Charles Berkowitz, the 69-year-old president and CEO of the Jewish Home Family who is marking 40 years with the Jewish Home this year, has no intention of slowing down.
“I feel good,” he said. “I like what I’m doing, and I like who I’m working for, and who I’m working with.”
The organization will honor Berkowitz for his four decades of service at its Oct. 24 95th-anniversary gala. Berkowitz is credited for leading the way for the opening of the Jewish Home at Rockleigh and the Jewish Home Assisted Living, major fund-raising for Jewish Home programs through the years, and launching the Jewish Home at Home program last year.
“There’s a very strong positive reinforcement when you’re dealing with the elderly,” Berkowitz told The Jewish Standard. “It’s a population that’s needy and appreciative of what you do for them.”
Only 4 percent of the elderly population ends up in nursing home facilities, Berkowitz said. To address the needs of the aged who want to remain in their homes, the Jewish Home unveiled its Jewish Home at Home program earlier this year, under Berkowitz’s guidance.
“We will take care of people who never get into nursing homes,” he said.
Demand to get into a Jewish Home facility is high and, according to Berkowitz, its facilities have an almost 99 percent occupancy rate – 180 people in Rockleigh and 124 in River Vale. The Jewish Home at Home program will ease demands on inpatient care and delay when people actually need to enter a nursing home. The program will also acclimate people to the idea of a nursing home if and when they need one later, Berkowitz said.
“We’ll be in a position to help those people,” he said. “When their time comes and they need the Home, they’ll be way up on the waiting list.”
Berkowitz’s work with the Jewish community began while he was a Yeshiva University graduate student in social work on a scholarship from the Englewood predecessor to the Kaplen JCC on the Palisades. The understanding was that he would work for the JCC after graduation. After a recommendation from then-JCC director George Hantgan, the Jewish Home offered Berkowitz a job in 1970 as an assistant administrator. He became CEO of the Jersey City site in 1982.
“He has been a godsend to the Jewish Home,” said Ary Freilich, chairman of the Jewish Home Family. “It’s hard to imagine that our organization would be where it is had Chuck not been its steward for the last 40 years.”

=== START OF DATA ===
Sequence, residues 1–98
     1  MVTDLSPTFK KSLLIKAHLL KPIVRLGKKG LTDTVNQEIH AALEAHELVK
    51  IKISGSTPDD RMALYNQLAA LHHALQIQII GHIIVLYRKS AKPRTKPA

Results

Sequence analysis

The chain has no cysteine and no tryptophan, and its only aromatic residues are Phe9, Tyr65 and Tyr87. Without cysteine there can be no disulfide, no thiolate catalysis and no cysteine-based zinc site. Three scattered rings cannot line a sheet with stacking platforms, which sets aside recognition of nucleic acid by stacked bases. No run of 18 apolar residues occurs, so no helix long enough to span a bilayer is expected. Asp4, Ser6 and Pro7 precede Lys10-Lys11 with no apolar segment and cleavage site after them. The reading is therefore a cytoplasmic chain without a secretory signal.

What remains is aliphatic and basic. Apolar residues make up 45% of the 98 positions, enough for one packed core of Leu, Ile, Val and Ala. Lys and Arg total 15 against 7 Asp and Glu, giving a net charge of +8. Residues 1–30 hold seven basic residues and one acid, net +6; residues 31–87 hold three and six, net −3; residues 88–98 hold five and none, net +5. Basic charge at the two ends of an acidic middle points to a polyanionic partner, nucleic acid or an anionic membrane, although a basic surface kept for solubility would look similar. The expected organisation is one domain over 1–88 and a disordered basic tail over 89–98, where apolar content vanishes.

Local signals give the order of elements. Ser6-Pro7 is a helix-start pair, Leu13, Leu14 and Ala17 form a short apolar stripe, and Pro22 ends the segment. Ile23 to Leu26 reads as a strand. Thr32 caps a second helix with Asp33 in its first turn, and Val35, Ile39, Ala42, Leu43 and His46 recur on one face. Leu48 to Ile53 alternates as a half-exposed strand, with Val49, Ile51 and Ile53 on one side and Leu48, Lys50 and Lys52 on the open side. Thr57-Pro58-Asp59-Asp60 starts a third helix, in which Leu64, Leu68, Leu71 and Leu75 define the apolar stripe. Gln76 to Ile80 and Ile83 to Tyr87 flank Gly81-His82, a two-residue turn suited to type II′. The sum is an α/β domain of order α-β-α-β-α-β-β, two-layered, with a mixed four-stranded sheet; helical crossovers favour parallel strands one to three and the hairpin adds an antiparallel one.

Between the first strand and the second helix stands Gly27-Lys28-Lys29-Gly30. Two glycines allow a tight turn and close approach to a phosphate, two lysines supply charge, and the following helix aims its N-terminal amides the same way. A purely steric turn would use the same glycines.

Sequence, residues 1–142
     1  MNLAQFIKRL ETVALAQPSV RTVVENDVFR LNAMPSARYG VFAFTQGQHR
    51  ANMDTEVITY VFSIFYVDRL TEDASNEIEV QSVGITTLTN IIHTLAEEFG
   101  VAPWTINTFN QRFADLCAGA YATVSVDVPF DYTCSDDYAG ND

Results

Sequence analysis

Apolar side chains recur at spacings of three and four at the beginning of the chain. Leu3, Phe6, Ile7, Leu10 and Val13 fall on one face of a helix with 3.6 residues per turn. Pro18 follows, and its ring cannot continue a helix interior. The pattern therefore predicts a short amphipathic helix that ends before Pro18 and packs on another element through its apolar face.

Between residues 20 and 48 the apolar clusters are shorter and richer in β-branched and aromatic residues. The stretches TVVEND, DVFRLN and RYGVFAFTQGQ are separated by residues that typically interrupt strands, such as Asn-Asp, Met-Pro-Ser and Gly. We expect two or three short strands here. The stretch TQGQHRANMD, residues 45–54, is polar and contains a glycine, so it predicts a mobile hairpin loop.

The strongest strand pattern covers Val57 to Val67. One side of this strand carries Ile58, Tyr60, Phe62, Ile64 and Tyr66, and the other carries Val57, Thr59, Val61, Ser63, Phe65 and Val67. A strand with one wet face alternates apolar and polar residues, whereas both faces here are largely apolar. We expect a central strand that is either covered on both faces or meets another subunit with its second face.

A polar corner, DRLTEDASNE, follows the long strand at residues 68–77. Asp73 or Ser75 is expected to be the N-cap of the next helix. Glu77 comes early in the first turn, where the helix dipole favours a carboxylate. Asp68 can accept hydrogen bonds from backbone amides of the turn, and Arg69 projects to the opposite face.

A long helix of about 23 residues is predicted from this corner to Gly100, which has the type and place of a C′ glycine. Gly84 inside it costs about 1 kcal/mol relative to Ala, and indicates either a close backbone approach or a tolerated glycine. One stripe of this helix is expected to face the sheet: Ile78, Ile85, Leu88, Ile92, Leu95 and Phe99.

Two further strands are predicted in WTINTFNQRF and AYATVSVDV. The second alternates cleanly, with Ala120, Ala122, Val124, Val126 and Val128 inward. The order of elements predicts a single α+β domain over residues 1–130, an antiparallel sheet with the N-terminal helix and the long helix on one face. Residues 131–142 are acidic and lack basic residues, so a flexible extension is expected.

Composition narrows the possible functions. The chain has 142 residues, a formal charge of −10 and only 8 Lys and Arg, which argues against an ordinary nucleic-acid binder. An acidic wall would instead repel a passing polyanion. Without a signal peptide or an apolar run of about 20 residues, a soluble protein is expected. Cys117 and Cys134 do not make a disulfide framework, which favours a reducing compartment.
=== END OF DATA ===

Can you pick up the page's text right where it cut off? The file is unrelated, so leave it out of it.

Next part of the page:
For about as long as Berkowitz has been involved with the Jewish Home, so has Sandra Gold, president of the Jewish Home at Rockleigh, who began her work with the organization shortly before his arrival.
“Chuck’s role … is so important because the Home has never stood still in its desire to meet the needs of aging people, particularly the Jewish aged,” said Gold. “He has the wonderful capacity to be both a passionate social worker and a skilled nursing home administrator, combined with the ability to visualize the big-picture needs of those who are aging.”
Berkowitz serves also on the boards of the Adler Aphasia Center and the Jewish Association for Developmental Disabilities. He continues to inspire others, said Gold, also a member of those boards.
“He is capable of inspiring leadership in those around him,” she said.
As the Jewish Home moves closer to the 100-year mark, Berkowitz has his sights set on continued growth. He dismissed rumors of his retirement, circulating because a new administrator is being brought on board to run the Jewish Home at Rockleigh. Berkowitz will instead focus his efforts on growing the Jewish Home at Home and running the umbrella organization, Jewish Home Family. Berkowitz foresees physical expansion to meet the needs of the Jewish Home at Rockleigh and Jewish Home at Home. He also pointed to the need for fund-raising, particularly since 20 percent of the Jewish Home at Home care will be given to people unable to afford such care on their own.
Through the Jewish Home at Home program, a geriatric care manager will assess a candidate’s home and work on a care plan with the applicant and perhaps with a social worker or nurse. The Jewish Home then helps fulfill the patient’s needs, which, Berkowitz said, may be as simple as changing a light bulb and helping with chores, or helping with medications.
With many challenges ahead, Berkowitz is looking forward to continuing to aid a vulnerable elderly population.
“It’s fun,” he said. “It makes life worthwhile doing the things I do.”
|Charles Berkowitz, a snapshot|
Resides in: Glen Rock
Past leadership roles:
Chair, New Jersey Association of Non-Profit Homes for the Aging
Chair, Association of Jewish Aging services
Delegate, 1995 White House Conference on Aging
Treasurer, board of directors, UJA Association for the Developmentally Disabled
Treasurer, Adler Aphasia Center
Anti-Defamation League Distinguished Community Service Award
New Jersey Association of Non-Profit Homes for the Aging Distinguished Service Award
New Jersey Association of Jewish Communal Services Saul Schwartz Award
Solomon Schechter Day School Community Award